Is the Better Business Bureau an effective tool against bad airline service? The surprising answer may be: yes.
Consider what happened to one reader when he had a booking problem with Delta Air Lines that couldn’t be resolved. After some back-and-forth, the airline fixed the problem, but it cost him an additional 16,000 miles and $473, and the airline didn’t seem too interested in helping. (He’s asked me to keep his name out of this story for fear of retribution by Delta, since he’s a frequent flier.)
Yesterday, he got results.
It took a month — the time allowed by the BBB for the merchant to respond — but yesterday I got a call from the Delta Customer Care office and they took care of the problem; they are sending me a check for the majority of the fees I paid and Delta $ for the remainder. A very acceptable offer!
The person that called was very apologetic and said that my complaint was improperly routed inside of Delta. During the review they agreed that I should not have been charged the amounts and Delta should have resolved problem earlier.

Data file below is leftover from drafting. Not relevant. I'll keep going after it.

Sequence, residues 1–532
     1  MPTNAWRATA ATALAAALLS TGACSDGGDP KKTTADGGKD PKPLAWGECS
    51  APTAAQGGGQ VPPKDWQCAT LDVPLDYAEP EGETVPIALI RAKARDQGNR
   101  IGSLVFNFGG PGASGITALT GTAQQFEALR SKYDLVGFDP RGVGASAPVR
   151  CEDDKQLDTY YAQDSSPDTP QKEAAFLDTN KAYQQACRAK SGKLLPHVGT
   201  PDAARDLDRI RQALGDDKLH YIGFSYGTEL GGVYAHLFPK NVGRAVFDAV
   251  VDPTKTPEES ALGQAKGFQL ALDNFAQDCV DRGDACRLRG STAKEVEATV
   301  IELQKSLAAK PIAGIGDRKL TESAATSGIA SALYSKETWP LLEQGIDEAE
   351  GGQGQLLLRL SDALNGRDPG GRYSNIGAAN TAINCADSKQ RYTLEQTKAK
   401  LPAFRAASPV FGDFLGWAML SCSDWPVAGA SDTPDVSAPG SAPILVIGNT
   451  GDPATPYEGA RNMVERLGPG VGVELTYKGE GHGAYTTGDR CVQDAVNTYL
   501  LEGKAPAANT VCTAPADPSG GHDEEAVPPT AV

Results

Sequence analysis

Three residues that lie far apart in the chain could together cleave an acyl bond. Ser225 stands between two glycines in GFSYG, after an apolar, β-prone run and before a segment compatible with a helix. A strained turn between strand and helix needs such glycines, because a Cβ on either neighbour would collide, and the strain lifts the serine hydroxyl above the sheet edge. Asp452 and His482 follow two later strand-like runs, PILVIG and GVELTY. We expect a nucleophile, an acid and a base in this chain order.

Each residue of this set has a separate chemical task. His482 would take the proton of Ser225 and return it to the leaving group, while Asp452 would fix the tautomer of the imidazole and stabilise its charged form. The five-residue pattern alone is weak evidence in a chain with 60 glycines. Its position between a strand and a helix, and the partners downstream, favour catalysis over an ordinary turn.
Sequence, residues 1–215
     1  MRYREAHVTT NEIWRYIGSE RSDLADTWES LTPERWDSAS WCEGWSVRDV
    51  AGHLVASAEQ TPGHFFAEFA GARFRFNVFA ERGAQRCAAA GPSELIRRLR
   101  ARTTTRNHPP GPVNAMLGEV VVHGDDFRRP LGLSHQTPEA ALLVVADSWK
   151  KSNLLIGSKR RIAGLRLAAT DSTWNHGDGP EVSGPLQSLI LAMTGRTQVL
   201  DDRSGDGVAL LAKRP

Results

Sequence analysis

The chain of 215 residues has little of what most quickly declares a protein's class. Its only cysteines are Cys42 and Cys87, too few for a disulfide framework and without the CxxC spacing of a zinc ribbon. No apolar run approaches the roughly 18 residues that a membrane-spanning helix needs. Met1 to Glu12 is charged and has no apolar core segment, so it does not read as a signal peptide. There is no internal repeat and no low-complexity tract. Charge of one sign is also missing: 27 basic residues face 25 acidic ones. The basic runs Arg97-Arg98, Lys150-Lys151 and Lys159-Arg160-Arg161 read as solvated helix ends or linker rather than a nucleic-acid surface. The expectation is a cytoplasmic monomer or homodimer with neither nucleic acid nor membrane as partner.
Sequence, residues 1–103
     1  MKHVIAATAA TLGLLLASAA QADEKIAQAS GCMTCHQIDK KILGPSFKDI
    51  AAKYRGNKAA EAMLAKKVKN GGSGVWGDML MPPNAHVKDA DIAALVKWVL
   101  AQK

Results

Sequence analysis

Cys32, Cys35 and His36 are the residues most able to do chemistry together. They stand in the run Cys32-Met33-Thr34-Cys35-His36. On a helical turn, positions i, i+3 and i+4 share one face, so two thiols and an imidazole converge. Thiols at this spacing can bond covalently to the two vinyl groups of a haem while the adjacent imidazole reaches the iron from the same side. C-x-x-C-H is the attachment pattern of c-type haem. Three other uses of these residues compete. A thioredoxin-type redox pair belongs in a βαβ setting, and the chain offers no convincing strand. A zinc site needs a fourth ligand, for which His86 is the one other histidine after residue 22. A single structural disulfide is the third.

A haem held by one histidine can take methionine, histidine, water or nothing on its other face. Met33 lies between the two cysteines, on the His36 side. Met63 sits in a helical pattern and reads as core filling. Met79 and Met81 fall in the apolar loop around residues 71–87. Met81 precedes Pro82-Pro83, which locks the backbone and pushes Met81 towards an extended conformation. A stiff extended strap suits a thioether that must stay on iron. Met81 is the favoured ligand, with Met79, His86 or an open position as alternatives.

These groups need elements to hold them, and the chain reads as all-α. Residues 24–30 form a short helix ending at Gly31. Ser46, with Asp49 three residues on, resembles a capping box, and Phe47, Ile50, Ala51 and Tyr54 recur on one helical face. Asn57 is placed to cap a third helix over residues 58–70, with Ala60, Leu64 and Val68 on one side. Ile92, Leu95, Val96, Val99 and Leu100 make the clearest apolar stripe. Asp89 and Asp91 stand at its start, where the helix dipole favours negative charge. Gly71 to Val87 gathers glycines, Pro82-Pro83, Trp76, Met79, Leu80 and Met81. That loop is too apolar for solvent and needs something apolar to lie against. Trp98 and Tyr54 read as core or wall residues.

Delta has an A+ rating with the BBB and is another technique people can use for resolution.
Indeed, Delta has a sterling reputation. But what about the others?
American Airlines has a C+ grade with the Fort Worth BBB. It isn’t a member of the organization, and probably wouldn’t be swayed by a complaint. Still, it might be worth a try.
Continental Airlines isn’t a member and has an “unsatisfactory” rating. No go.
JetBlue, while not a BBB member, has a “satisfactory” rating. Yes, worth it.
Southwest Airlines is a BBB member and has an A+ rating. Definitely worth it.
United Airlines isn’t a member and has an “unsatisfactory” rating. No dice.
US Airways is not a member and has a “D” rating. (Thanks to commenter Bruce in Charlotte for the tip.)
Has anyone else resolved a dispute through the Better Business Bureau? Please leave a comment or e-mail me directly with your story.